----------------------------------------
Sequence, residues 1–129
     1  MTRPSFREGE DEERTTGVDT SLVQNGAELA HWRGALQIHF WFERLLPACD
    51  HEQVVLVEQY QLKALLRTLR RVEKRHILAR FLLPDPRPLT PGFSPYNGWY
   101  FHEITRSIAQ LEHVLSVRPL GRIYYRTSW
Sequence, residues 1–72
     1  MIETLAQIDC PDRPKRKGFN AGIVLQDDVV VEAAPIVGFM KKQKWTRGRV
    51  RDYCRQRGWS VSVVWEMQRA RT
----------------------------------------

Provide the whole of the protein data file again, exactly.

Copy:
Sequence, residues 1–129
     1  MTRPSFREGE DEERTTGVDT SLVQNGAELA HWRGALQIHF WFERLLPACD
    51  HEQVVLVEQY QLKALLRTLR RVEKRHILAR FLLPDPRPLT PGFSPYNGWY
   101  FHEITRSIAQ LEHVLSVRPL GRIYYRTSW
Sequence, residues 1–72
     1  MIETLAQIDC PDRPKRKGFN AGIVLQDDVV VEAAPIVGFM KKQKWTRGRV
    51  RDYCRQRGWS VSVVWEMQRA RT